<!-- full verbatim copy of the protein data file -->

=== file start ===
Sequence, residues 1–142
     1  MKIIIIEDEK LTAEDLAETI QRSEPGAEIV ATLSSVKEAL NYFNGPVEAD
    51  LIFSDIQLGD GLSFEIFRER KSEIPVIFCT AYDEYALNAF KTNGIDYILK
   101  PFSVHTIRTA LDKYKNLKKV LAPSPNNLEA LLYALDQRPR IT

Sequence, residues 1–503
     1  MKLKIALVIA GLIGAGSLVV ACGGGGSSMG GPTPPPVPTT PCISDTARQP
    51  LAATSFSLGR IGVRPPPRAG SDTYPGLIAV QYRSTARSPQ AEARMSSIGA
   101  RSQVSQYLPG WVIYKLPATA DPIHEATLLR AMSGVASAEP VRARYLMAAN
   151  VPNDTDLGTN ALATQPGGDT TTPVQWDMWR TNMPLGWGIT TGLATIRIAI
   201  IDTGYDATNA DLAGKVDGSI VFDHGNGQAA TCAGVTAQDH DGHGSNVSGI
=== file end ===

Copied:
Sequence, residues 1–142
     1  MKIIIIEDEK LTAEDLAETI QRSEPGAEIV ATLSSVKEAL NYFNGPVEAD
    51  LIFSDIQLGD GLSFEIFRER KSEIPVIFCT AYDEYALNAF KTNGIDYILK
   101  PFSVHTIRTA LDKYKNLKKV LAPSPNNLEA LLYALDQRPR IT

Sequence, residues 1–503
     1  MKLKIALVIA GLIGAGSLVV ACGGGGSSMG GPTPPPVPTT PCISDTARQP
    51  LAATSFSLGR IGVRPPPRAG SDTYPGLIAV QYRSTARSPQ AEARMSSIGA
   101  RSQVSQYLPG WVIYKLPATA DPIHEATLLR AMSGVASAEP VRARYLMAAN
   151  VPNDTDLGTN ALATQPGGDT TTPVQWDMWR TNMPLGWGIT TGLATIRIAI
   201  IDTGYDATNA DLAGKVDGSI VFDHGNGQAA TCAGVTAQDH DGHGSNVSGI